More practical education
I am one of those who finished school in a township government school with great hopes of pursuing a tertiary education and getting a good job, but I was disappointed. All my friends who went to private schools are now working.
My concern is government schools don’t teach us how to survive and job-search after matric. They teach us book education, while at private schools they learn practical education.
South Africa is full of bursaries and study loans, but they are not in the spotlight for us township learners to access them.
It’s easy to finish matric, but to get government assistance is difficult. Why can’t government establish government study grants for the poor? - Thokozani Petrus Sithebe
Mhluzi Township, Mpumalanga
Reply from the Department of Education:
Government established the National Student Financial Aid Scheme (NSFAS) through which students can access funds. For 2006, over R1,3 billion has been made available for loans and bursaries. Qualifying students can apply for these funds at the Student Financial Aid Office of the institution where they are registering, or call 021 793 3200; fax 021 797 8416 for more information. Regarding job opportunities, Higher Education South Africa and the Department of Education have jointly published a booklet for Grade 9 with information on careers after matric. Umsobomvu Youth Fund and the National Youth Commission can also be contacted about opportunities for young people. (Phone 1020 for details). Government is committed to improving schools in disadvantaged areas.
What a shame
Our government says: “embrace disability with dignity,” but I found that there’s nothing like that in our communities, in the streets, in our churches, schools and towns. “Nothing about us, without us” is the slogan of disabled people in South Africa and our government is very familiar with it. What a shame Stutterheim! In our streets there’s nothing for people with disabilities, e.g. ramps and parking. Also our taxi rank, which is a public place, is not accessible. I am very worried about this. - Mlungisi Diko, Stutterheim, Eastern Cape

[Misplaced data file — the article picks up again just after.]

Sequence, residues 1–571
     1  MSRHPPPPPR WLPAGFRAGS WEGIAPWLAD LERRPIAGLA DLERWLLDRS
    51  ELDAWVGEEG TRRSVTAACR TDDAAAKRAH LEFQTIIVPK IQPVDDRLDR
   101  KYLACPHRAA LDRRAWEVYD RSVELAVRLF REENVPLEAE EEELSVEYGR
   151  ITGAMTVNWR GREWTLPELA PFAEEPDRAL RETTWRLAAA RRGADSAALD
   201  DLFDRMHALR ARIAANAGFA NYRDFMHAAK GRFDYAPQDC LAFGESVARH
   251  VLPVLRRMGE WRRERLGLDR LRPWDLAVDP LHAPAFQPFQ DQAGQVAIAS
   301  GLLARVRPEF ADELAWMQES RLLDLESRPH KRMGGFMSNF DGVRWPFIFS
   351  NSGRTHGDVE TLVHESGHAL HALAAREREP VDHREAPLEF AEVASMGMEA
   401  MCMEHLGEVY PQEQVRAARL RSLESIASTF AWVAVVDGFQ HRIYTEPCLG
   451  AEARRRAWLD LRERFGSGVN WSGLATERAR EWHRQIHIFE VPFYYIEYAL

TV is a monster
I’m sorry to say this, but TV is a monster. It shows us exactly the way things are and then we don’t have time or a chance to think about things with our own minds. But the worst part of it is that it attracts us so that we find ourselves keeping on postponing everything that needs to be done. - Alfred Tebatso Mahapa, Sebokeng, Gauteng
Be wise, condomise
I know some will say “stop singing that song”, we have heard it many times before.” But believe me, I will never stop this call, for I have heavy-weight passion for people.
It is a fact that HIV and Aids is here to stay. For this reason it is wise to use condoms, no matter how boring it might be. We must never stop reminding ourselves and those around us that HIV and Aids is a reality. - Zokwana Papikie (Mogoto), Koringpunt, Limpopo
Thumbs up to them!
This is really something I would like to bring to people’s attention. Everytime there is an emergency, the first thing we do is call the police, fire brigade or paramedics. These people often go the extra mile to save those in dangerous situations. Their jobs have a lot of stress, their shifts are long, and they often have to work overtime. So, let’s make sure we show them some appreciation. - Z.V. Mjana, Mdantsane, Eastern Cape
Reach out and touch...
My spirits were low and I suffered from migraine and kidney problems. Then a sister from the church invited me to the hospital to help the sick. I started going quite often. There are two girls, aged nine and ten, who have touched our hearts. They look forward to our visits every Thursday. We give them fruit and biscuits, pray and laugh together.
When I leave the hospital, I have such a feeling of peace and contentment, as if a load has been taken off my shoulders. My own aches and pains seem to disappear. Instead of complaining I would rather reach out to people worse off than me. It really makes me feel good. - S. Muthoo, Umzinto,
You must work hard
I am a young mother with one child and recently started two small businesses selling food to the community. My first business is planting vegetables, like spinach, beetroot, beans, etc in my front yard and sel-ling them to spaza shops and other big shops in my area.
The other business is to make food plates for teachers because I realised there was a need. I deliver food to four big schools and to the clinics for nurses. Both businesses are doing well and I can eat and help my family to survive.
I just wanted to say: ladies, you must stand up and do it for yourselves. Money won’t come and knock at your door. You have to go and knock for the money.
- Palesa Maputle, Theunissen, Free State